Market-based structured settlement programs have re-emerged recently and are growing in popularity. From MetLife’s variable annuity offering in the 1990’s to the recent introduction of an investment portfolio approach, market interest drives the creation of alternative options for settlement dollars.
What exactly is a market-based structured settlement? It is an agreement of the settling parties for periodic payments which are funded by an investment portfolio rather than an annuity contract. This results in future payments determined by investment performance, rather than a schedule of fixed benefits. Similar to an annuity-funded structured settlement, the payment schedule (start date, duration, frequency, etc.) is determined at the time of settlement and cannot be changed. The amount of each payment is fixed as a proportion of portfolio value, as opposed to being a fixed dollar sum.
Structured settlements have long been synonymous with guaranteed annuity-funded periodic payments. So how can a program that provides variable payments and is not funded by an annuity be a true “structured settlement?”
Internal Revenue Code Section 130 provides the framework for modern structured settlements and it defines what constitutes a “qualified” assignment for tax purposes. However, not all settling cases fall within the express terms of Section 130; primary examples include non-physical injury cases and pre-1997 workers compensation claims. Cases may also fall outside of Section 130 based on which type of funding asset is utilized. Since market-based programs involve the purchase of investments which may include but not be limited to US Treasuries, these programs utilize the “non-qualified” assignment mechanism. As with all tax-sensitive transactions, prudence dictates not straying far from established formats, and for structured settlement arrangements which fall outside of the realm of qualified assignments, Section 130 is still instructive.
Section 130(c)(2)(A) requires that payments be “fixed and determinable as to amount and time of payout”. This seems pretty clear. However, further research reveals that the Internal Revenue Service refined its definition of “fixed and determinable” in a series of private letter rulings. PLR 199943002 (addressing variable annuity payments) and 201435006 (addressing fixed annuity payments with an index-linked adjustment rider) offer the following definitions:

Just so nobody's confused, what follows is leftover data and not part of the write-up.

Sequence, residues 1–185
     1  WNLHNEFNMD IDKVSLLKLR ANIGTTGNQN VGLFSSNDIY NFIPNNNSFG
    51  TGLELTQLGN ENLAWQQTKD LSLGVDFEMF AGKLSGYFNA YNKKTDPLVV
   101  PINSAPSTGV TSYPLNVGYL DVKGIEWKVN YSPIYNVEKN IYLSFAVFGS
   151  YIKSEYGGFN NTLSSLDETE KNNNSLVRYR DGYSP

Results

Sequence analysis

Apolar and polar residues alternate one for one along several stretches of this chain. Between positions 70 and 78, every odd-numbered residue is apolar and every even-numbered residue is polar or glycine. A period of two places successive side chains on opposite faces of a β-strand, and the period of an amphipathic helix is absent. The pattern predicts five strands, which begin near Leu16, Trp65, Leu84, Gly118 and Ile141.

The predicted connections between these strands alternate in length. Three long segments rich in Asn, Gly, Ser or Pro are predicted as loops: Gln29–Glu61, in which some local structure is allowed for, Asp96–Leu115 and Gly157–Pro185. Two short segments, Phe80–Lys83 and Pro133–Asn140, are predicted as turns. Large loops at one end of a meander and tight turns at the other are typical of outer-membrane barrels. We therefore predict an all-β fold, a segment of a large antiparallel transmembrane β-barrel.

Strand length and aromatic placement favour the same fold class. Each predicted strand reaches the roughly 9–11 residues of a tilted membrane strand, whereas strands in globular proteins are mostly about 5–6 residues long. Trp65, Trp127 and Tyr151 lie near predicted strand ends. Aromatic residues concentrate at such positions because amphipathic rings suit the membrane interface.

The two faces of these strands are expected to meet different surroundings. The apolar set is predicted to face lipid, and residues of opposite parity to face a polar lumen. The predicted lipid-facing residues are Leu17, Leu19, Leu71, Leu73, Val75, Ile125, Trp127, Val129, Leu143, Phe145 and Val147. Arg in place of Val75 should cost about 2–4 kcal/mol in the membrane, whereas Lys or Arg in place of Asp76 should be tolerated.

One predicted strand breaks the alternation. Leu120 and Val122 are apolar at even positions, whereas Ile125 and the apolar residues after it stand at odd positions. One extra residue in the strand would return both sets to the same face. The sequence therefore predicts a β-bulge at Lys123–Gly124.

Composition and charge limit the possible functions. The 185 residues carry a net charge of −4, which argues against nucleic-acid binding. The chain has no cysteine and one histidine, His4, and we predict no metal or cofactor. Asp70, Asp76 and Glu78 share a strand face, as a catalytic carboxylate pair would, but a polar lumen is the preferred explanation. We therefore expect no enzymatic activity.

- Fixed: obligations set forth in the terms of the settlement agreement; and
- Determinable: payments that can be calculated based on an objective formula.
Does a purely market-based payout plan conform to this definition? Yes, provided the payout schedule is fixed at the time of settlement, and the payout parameters (e.g. start date, duration and frequency) are included in the settlement agreement. Furthermore, the agreement of the parties must include the formula by which each payment is calculated, thereby making the payments determinable.
Non-Annuity Funding Vehicle
As mentioned above, market-based programs utilize non- qualified assignments and are therefore not limited to annuities and US Treasuries. Under a market-based program:
- A trust company or administrator purchases and holds a portfolio of securities – typically a diversified portfolio of equity and fixed income securities.
- Payments are calculated based on an objective formula- tied to the value of the investment portfolio at the time of distribution.
- Assets are liquidated and the administrator distributes funds to the payee based on the periodic payment schedule.
While market-based programs will undoubtedly appeal to different payees, the mechanics of their deferral are surprisingly similar. The use of an alternative (non-annuity/Treasury) funding vehicle necessitates the use of a non-qualified assignment. However, market-based programs still follow the familiar framework of existing programs.
The above discussion is focused on the mechanics of deferral as a technical exercise. It is important to note, however, that market-based programs are not appropriate for all situations. For payees who need guaranteed or lifetime income, there is usually no substitute for the traditional fixed settlement annuity. On the other hand, for the client who has discretionary dollars or who wants to blend fixed and market-based programs as a hedge against inflation, market-based programs offer new value and planning options.
To learn more about both qualified and non-qualified settlement options available to you and your clients, please contact your AVITAS Team today.